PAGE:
FRANKFURT (Reuters) -- Volkswagen has picked ex-BMW manager Hinrich Woebcken to run the North American business of its core brand as the German carmaker faces growing criticism of its handling of the diesel emissions scandal in the U.S.
He will be chairman of Volkswagen Group of America, Volkswagen Mexico and Volkswagen Group Canada, VW said in a statement today.
Michael Horn remains head of VW Group of America, a position he has occupied since 2014, responsible for VW and the group's other brands in the U.S., including Audi and ultra-luxury marques Bentley, Lamborghini and Bugatti.
Four months after the diesel emissions scandal broke, there is no timetable for winning approval of a fix for about 500,000 affected U.S. cars, or for lifting the government's ban on the sale of 2016 VW diesel models.
The U.S. Justice Department this month sued Volkswagen for up to $48 billion for allegedly violating environmental laws.
"The USA is and will remain a key core market for the Volkswagen brand," VW brand boss Herbert Diess said in the statement. With his international experience Woebcken "will make an important contribution to the brand's positive development in the region," Diess said.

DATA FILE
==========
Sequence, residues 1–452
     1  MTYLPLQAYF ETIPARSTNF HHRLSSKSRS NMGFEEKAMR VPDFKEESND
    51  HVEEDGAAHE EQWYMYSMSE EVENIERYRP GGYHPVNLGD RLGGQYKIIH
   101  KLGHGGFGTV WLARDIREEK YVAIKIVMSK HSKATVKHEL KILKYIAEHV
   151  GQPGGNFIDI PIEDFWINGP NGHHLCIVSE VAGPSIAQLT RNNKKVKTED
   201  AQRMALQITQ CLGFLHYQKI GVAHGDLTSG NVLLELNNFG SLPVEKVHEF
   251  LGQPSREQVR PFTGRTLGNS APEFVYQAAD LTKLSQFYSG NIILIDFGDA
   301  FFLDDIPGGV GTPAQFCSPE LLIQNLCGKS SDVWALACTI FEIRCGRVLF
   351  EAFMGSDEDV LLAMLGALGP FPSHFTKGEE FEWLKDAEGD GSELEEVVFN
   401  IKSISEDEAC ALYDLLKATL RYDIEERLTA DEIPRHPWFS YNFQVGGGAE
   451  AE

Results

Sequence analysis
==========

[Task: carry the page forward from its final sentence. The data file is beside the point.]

Woebcken will take up his position at VW's largest division by sales and revenue on April 1. He was not named to the VW brand's management board, a spokesman said.
Woebcken, 55, is an industrial engineer with extensive international experience in procurement, production and sales, VW said. He worked for BMW from 2004 until 2014 in various purchasing roles.
Last year Woebcken quit Germany's Knorr-Bremse Group , a manufacturer of braking systems for rail and commercial vehicles, after about 15 months. Prior to his stint at BMW, he was managing director at industrial systems and automotive supplier Duerr.
Last September, the automaker picked group veteran Winfried Vahland, previously head of Czech brand Skoda, as new head for the region as it pushed a policy to cede more power from its headquarters in Wolfsburg, Germany to regional and car brand divisions.
But Vahland, who had previously been seen as a possible candidate for the VW Group CEO post, quit three weeks later. A source said at the time that Vahland left the company because his new position failed to win him a role on the group's management board.
Ryan Beene and Christiaan Hetzner of Automotive News contributed to this report.